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HomeNewsLocal news2011 Testimony Reenacted at Hospital Corruption Trial

2011 Testimony Reenacted at Hospital Corruption Trial

Schneider Regional Medical Center in May of 2019. (Source photo by Kelsey Nowakowski)

Testimony continued in the Schneider Hospital corruption case, producing information gleaned from documents obtained through subpoena by a federal auditor. Jurors hearing the case also witnessed a reenactment of eight-year-old testimony from a witness who was once a defendant.

The audit conducted by the U.S. Interior Department’s Office of the Inspector General was one of two investigations conducted during the tenure of defendant, former chief executive officer Rodney Miller. The other one, conducted by the Virgin Islands’ Office of the Inspector General, led to the indictment of Miller, former Chief Operations Officer and legal counsel Amos Carty and former Chief Financial Officer Peter Najawicz.

That report can be viewed online.

It is customary for the agency cited in an audit to get an opportunity to respond to the auditor’s findings. One witness who appeared towards the end of the third week of testimony explained the points raised in that response. The witness was an attorney who succeeded Carty as the hospital’s legal counsel.

Legal counsel Steve Russell also explained how an added benefit called a Rabbi Trust came under consideration as part of Miller’s compensation.

He also explained why lawyers representing the defendants argue that while Miller, Carty and Najawicz may have received overly generous compensation, and while internal financial controls failed to correct it, that was not the defendant’s fault.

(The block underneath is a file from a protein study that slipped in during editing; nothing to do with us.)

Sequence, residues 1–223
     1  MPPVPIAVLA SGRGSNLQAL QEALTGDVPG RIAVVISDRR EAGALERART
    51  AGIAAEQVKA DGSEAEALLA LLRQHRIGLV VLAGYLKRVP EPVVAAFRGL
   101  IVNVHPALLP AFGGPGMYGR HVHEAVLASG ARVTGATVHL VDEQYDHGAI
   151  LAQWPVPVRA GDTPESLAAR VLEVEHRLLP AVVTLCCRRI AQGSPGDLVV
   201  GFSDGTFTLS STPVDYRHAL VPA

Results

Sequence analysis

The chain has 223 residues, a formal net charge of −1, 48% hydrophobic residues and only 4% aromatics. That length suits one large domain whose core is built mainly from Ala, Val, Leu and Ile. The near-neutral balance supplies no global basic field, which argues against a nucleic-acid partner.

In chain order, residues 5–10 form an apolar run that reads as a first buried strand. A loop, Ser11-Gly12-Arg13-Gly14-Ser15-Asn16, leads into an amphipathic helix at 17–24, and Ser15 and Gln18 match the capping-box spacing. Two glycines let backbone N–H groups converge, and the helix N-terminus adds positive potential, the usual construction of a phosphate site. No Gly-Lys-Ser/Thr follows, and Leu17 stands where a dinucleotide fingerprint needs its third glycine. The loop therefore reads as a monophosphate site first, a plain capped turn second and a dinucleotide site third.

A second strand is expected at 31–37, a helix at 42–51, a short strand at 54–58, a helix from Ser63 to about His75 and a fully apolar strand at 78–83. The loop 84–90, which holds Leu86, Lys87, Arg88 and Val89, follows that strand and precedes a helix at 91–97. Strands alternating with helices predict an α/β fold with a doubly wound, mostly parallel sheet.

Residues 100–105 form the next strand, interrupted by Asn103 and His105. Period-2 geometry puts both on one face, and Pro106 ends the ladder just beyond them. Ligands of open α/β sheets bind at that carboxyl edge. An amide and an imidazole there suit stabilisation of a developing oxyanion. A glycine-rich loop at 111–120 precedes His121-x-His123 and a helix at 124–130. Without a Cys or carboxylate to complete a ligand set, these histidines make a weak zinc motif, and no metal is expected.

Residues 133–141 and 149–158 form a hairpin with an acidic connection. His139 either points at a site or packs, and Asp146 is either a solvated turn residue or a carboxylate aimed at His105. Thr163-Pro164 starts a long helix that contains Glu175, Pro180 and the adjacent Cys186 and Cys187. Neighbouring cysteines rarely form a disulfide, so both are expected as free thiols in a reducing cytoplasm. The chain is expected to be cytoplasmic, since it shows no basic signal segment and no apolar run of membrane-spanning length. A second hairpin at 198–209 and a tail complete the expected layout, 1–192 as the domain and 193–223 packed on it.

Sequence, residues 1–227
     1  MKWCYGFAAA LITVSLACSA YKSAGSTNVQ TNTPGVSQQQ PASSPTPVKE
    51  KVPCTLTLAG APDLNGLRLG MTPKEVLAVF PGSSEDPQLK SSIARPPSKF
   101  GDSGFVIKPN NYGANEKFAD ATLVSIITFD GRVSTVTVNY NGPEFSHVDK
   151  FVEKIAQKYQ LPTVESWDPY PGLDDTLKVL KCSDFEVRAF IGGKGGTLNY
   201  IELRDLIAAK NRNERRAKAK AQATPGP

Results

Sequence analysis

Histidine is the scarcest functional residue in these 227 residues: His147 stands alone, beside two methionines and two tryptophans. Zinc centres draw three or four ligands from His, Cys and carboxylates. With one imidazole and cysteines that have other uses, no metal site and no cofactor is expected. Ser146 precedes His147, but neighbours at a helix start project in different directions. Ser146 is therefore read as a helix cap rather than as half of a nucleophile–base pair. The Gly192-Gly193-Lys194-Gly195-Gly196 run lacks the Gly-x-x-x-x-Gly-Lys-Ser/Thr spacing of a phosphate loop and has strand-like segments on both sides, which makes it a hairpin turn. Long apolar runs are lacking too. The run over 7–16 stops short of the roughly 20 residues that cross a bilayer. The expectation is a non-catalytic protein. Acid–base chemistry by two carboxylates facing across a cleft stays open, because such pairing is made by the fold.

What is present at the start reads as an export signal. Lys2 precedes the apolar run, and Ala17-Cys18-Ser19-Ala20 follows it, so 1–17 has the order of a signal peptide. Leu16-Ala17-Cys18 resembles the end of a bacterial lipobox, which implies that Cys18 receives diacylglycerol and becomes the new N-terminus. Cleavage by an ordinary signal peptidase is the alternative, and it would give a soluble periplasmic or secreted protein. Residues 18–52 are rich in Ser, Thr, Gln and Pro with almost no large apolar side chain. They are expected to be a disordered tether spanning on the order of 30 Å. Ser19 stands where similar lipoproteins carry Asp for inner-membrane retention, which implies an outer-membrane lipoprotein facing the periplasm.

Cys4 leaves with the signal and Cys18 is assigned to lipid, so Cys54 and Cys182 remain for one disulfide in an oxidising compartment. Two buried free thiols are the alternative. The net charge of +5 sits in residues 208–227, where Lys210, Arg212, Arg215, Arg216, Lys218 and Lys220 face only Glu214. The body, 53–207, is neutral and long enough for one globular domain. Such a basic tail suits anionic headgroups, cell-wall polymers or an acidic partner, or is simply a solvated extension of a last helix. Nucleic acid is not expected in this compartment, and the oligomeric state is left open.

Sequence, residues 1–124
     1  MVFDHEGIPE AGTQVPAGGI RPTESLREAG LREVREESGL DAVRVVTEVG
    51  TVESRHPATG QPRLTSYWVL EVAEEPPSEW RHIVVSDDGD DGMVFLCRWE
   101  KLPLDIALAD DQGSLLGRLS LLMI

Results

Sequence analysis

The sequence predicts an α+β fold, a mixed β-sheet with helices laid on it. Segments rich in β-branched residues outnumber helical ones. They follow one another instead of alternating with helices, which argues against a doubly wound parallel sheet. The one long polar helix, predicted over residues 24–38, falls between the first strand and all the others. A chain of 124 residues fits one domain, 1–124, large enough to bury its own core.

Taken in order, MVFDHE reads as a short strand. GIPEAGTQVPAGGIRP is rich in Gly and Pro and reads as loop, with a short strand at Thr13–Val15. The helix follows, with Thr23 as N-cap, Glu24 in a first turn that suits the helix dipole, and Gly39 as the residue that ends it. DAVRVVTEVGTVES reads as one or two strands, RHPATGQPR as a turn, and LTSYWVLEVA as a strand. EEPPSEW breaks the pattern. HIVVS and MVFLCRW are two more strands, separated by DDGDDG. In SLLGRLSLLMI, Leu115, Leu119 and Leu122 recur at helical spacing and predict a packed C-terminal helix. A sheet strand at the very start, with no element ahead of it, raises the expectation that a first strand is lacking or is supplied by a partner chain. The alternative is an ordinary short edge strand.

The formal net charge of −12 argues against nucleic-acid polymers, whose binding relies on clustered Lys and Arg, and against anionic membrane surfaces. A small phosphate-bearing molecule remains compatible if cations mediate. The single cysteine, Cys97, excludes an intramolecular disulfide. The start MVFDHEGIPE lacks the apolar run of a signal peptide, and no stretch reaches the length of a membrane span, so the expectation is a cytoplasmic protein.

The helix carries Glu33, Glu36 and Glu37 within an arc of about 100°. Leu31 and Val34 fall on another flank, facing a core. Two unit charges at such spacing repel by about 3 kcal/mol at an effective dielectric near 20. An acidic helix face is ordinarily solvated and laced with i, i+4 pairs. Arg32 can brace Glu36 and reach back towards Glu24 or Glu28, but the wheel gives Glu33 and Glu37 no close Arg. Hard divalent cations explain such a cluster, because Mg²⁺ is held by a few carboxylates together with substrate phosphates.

Under Subpoena
A financial services official who served as custodian of records testified Monday and Tuesday, Oct. 21 and 22. Gail Gonzalez-Herreira told the court about her management of a secure room where documents handed over under subpoena were delivered, sorted and passed along to investigators.

In previous testimony, federal auditor Hannibal Ware told the court how his team’s requests for documents was met by resistance by Miller and Carty. Many of the requested documents were not handed over. The ones that were came by issuing seven subpoenas to the top executives and a court hearing at which they were ordered to do so.

Among the things, the documents revealed, a May 17, 2007, order by Miller to Najawicz to deposit $966,456.45 into the chief executive’s personal account at the Pentagon Federal Credit Union. During cross-examination, defense attorney Robert King checked the breakdown of the payment request.

It included $625,000 under a Rabbi Trust stipulation. Another $625,000 was included in King’s breakdown of Miller’s order to Najawicz to deposit $789,660 into the Pentagon account. That line item was also attributed to the Rabbi Trust.

In the rereading of testimony from former hospital board chairman June Adams from the first trial in 2011, she was asked to explain the Rabbi Trust. She said she did not know exactly what it was – some kind of pension.

Other documents obtained through subpoena showed how Adams instructed executives at Banco Popular to add the names Miller, Carty and Najawicz to hospital personnel authorized to conduct transactions on the main bank account and the accounts for Myrah Keating Smith Clinic on St. John and the Charlotte Kimmelman Cancer Institute.

Miller then began sending correspondence directing payments to himself, to Carty and Najawicz in excess of the salaries authorized for government employees under the Division of Personnel.

The prosecution team asked if there was any documentation submitted with requests for educational stipends or the $10,000 spousal travel benefit bestowed on Miller’s wife, Ronica, or documentation on how much was spent against Najawicz’s $400/mo. automobile allowance.

Herreira said no.

“We Were Desperate”
Superior Court Judge Michael Dunston, Assistant Attorney General Sigrid Tejo-Sprotte and defense attorneys King and Gordon Rhea played roles in the reenactment of June Adams’ testimony from the 2011 trial.

At the time Adams was arrested and charged with perjury in 2008, she was 82. Two days after the start of the first trial, she was declared acquitted. A few days later, the former defendant turned witness against her co-defendants.